May 16, 2017
Every year there are about 97,000 people waiting for a kidney transplant, and the supply of available kidneys can never seem to catch up. The Business Journal reported that only 14,501 were available in 2016. At Penn Medicine, however, surgeons have made strides toward upping the number of donations from an unexpected source: organ donations infected with Hepatitis C virus (HCV).
Penn announced 10 patients were cured of HCV after receiving kidney transplants carrying the disease, leading the way for other medical institutions to conduct similar transplant tests. After each transplant was completed, the 10 patients received 12 weeks of treatment and all were proclaimed free of HCV.
“We started this trial in the hopes that, if successful, we could open up an entirely new pool of donor organs, and effectively transplant hundreds, if not thousands, more patients who are awaiting a lifesaving organ,” said Dr. David S. Goldberg, an assistant professor of medicine and epidemiology at the Perelman School of Medicine, in a statement.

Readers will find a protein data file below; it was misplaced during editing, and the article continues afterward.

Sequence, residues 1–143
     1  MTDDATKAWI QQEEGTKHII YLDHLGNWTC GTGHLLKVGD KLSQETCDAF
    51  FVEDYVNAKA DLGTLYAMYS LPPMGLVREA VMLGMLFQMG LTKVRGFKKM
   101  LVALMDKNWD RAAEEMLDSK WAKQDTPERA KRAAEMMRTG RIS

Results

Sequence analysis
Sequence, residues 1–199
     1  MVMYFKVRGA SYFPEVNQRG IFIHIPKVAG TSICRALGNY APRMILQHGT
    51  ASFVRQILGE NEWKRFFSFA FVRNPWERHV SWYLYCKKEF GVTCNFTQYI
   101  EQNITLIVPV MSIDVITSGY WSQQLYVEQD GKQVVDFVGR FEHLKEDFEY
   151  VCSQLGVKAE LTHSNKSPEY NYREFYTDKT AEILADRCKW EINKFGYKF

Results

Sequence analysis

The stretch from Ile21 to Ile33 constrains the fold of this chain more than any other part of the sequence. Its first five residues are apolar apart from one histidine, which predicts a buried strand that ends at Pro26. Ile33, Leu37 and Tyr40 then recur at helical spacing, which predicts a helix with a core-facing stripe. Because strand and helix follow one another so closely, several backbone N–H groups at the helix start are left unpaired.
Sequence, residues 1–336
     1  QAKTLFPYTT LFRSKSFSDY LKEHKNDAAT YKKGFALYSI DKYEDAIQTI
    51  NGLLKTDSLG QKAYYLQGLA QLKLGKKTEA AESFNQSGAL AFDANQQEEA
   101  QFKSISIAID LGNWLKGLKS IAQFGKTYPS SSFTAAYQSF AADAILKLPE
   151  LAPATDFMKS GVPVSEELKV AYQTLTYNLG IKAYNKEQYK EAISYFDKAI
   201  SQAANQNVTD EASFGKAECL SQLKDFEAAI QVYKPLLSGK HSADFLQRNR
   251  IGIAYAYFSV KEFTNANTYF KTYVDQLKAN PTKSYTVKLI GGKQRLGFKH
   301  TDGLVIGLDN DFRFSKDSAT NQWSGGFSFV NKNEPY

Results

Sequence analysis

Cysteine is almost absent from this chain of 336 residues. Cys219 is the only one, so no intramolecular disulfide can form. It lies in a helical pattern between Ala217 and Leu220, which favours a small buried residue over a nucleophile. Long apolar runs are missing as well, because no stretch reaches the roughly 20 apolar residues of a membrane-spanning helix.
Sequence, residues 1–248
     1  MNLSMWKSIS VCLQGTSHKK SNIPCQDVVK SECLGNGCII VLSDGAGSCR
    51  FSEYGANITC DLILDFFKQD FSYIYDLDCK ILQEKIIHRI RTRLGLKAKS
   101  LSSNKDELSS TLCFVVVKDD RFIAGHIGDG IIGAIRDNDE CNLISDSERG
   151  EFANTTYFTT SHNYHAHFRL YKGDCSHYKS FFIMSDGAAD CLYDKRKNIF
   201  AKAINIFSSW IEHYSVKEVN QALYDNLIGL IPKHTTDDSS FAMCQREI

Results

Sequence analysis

“Historically, Hepatitis C-infected kidneys were often discarded, and were thought to be damaged or too ‘high-risk.’ Our pilot data demonstrate the ability to cure the contracted virus following transplantation in this patient population. If future studies are successful, this may be a viable option for patients who may otherwise never see a transplant.”
With promising results from using HCV-infected kidney donations, Penn researchers are now trying to implement the same strategy for heart donations. Last year, according to the Journal, 4,000 people waited for a heart transplant, and a total of 3,208 took place. Down the line, researchers hope to do the same for lung and liver transplants.Goldberg told the Journal that, right now, most infected heart donations are wasted, and only patients already with HCV can get the organs. The goal is to make those hearts available to more people who don’t already have HCV.